Suggested Topics
Caption competition
Caption competition
  • Get to the point
Latest stories from i100
Have you tried new the Independent Digital Edition apps?
Daily Quiz
Independent Dating
and  

By clicking 'Search' you
are agreeing to our
Terms of Use.

General Election 2015: ‘We will not sit down with Nicola Sturgeon’, says Ed Balls

'We will not sit down with Nicola Sturgeon'

In an exclusive interview, Ed Balls says he won't negotiate his first Budget with SNP MPs - even if Labour need their votes to secure its passage
VE Day 70th anniversary: How ordinary Britons celebrated the end of war in Europe

How ordinary Britons celebrated VE Day

Our perception of VE Day usually involves crowds of giddy Britons casting off the shackles of war with gay abandon. The truth was more nuanced
They came in with William Caxton's printing press, but typefaces still matter in the digital age

Typefaces still matter in the digital age

A new typeface once took years to create, now thousands are available at the click of a drop-down menu. So why do most of us still rely on the old classics, asks Meg Carter?
Discovery of 'missing link' between the two main life-forms on Earth could explain evolution of animals, say scientists

'Missing link' between Earth's two life-forms found

New microbial species tells us something about our dark past, say scientists
Ronald McDonald the muse? Why Banksy, Ron English and Keith Coventry are lovin' Maccy D's

Ronald McDonald the muse

A new wave of artists is taking inspiration from the fast food chain
13 best picnic blankets

13 best picnic blankets

Dine al fresco without the grass stains and damp bottoms with something from our pick of picnic rugs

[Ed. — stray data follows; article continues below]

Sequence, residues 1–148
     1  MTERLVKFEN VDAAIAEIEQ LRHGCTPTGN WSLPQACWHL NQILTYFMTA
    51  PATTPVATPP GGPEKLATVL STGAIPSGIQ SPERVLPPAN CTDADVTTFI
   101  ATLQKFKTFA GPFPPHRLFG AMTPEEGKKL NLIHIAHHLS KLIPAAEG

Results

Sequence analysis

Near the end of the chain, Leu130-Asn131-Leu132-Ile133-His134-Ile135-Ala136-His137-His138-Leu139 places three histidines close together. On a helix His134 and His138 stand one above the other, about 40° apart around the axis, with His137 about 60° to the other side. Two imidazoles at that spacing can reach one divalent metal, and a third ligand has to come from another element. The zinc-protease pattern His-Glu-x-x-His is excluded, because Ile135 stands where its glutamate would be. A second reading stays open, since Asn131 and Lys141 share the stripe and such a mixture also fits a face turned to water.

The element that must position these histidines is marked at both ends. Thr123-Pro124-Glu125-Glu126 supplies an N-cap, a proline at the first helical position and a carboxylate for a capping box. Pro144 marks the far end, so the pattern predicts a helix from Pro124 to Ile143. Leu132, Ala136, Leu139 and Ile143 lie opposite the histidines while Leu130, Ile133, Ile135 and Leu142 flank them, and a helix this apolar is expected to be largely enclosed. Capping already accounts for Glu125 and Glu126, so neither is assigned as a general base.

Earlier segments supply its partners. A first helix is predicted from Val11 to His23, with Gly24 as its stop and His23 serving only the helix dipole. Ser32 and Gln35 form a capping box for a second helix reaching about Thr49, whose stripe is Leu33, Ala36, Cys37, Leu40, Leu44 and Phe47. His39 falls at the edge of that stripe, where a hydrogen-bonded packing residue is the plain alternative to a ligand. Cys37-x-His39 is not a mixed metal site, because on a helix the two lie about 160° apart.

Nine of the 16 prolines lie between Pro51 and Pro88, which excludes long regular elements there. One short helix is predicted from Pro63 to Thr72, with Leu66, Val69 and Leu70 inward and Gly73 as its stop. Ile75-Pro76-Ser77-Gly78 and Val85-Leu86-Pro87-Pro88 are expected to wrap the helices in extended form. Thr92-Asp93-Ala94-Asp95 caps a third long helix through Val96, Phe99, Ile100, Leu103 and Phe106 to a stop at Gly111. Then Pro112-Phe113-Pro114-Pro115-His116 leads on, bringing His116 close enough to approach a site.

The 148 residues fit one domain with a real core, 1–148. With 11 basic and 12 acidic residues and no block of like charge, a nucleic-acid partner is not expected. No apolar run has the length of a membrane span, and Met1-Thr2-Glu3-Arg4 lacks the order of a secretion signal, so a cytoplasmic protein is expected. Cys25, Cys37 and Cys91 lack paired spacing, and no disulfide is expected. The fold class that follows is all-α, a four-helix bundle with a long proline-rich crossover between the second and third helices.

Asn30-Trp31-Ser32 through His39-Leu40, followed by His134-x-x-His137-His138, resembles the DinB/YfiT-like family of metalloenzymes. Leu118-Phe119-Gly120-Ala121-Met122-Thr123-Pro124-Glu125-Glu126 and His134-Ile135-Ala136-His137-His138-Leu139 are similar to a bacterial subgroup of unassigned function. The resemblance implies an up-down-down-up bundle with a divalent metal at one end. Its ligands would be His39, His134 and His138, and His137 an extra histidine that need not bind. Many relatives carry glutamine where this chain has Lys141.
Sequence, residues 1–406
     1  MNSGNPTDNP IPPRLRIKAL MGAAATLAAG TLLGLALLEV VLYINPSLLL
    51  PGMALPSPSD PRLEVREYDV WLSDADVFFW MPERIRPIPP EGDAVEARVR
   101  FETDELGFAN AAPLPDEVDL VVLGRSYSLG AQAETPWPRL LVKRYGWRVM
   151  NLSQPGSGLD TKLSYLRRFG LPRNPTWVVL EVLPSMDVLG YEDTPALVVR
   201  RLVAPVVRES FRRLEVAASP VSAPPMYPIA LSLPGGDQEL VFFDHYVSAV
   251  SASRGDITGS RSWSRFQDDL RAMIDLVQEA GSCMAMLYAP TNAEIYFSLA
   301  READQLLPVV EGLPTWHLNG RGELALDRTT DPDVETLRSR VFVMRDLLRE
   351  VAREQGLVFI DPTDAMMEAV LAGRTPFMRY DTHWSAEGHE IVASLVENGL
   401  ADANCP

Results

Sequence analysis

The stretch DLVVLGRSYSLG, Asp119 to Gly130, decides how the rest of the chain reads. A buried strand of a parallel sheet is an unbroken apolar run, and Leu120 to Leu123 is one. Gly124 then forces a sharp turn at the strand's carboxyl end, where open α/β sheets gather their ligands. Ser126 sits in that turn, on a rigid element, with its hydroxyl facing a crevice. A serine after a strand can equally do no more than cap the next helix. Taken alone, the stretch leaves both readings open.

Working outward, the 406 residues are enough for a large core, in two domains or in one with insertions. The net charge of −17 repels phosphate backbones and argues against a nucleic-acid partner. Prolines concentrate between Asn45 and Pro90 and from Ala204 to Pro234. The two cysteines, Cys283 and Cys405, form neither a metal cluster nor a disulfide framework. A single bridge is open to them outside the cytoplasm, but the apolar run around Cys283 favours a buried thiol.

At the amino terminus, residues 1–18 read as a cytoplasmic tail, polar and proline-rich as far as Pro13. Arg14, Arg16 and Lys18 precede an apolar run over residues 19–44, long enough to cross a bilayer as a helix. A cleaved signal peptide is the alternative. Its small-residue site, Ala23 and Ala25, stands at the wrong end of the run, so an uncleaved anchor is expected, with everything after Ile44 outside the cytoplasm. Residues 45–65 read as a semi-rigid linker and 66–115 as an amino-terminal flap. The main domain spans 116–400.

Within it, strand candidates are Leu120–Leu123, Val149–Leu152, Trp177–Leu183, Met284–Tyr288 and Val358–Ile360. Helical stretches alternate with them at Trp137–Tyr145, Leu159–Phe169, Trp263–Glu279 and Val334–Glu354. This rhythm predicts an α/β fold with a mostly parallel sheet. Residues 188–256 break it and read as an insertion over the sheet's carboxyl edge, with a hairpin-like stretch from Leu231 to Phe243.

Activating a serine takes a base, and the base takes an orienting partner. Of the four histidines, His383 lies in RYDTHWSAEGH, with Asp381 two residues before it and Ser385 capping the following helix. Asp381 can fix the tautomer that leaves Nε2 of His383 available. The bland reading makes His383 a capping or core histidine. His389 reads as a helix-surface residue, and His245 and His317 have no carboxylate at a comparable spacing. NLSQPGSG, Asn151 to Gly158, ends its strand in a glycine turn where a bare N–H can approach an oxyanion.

General Election 2015: Ed Miliband's unlikely journey from hapless geek to heart-throb

Miliband's unlikely journey from hapless geek to heart-throb

He was meant to be Labour's biggest handicap - but has become almost an asset
General Election 2015: A guide to the smaller parties, from the the National Health Action Party to the Church of the Militant Elvis Party

On the margins

From Militant Elvis to Women's Equality: a guide to the underdogs standing in the election
Amr Darrag: Ex-Muslim Brotherhood minister in exile still believes Egypt's military regime can be replaced with 'moderate' Islamic rule

'This is the battle of young Egypt for the future of our country'

Ex-Muslim Brotherhood minister Amr Darrag still believes the opposition can rid Egypt of its military regime and replace it with 'moderate' Islamic rule, he tells Robert Fisk
Why patients must rely less on doctors: Improving our own health is the 'blockbuster drug of the century'

Why patients must rely less on doctors

Improving our own health is the 'blockbuster drug of the century'
Sarah Lucas is the perfect artist to represent Britain at the Venice Biennale

Flesh in Venice

Sarah Lucas has filled the British pavilion at the Venice Biennale with slinky cats and casts of her female friends' private parts. It makes you proud to be a woman, says Karen Wright
11 best anti-ageing day creams

11 best anti-ageing day creams

Slow down the ageing process with one of these high-performance, hardworking anti-agers
Juventus 2 Real Madrid 1: Five things we learnt, including Iker Casillas is past it and Carlos Tevez remains effective

Juventus vs Real Madrid

Five things we learnt from the Italian's Champions League first leg win over the Spanish giants
Ashes 2015: Test series looks a lost cause for England... whoever takes over as ECB director of cricket

Ashes series looks a lost cause for England...

Whoever takes over as ECB director of cricket, says Stephen Brenkley
Fishing for votes with Nigel Farage: The Ukip leader shows how he can work an audience as he casts his line to the disaffected of Grimsby

Fishing is on Nigel Farage's mind

Ukip leader casts a line to the disaffected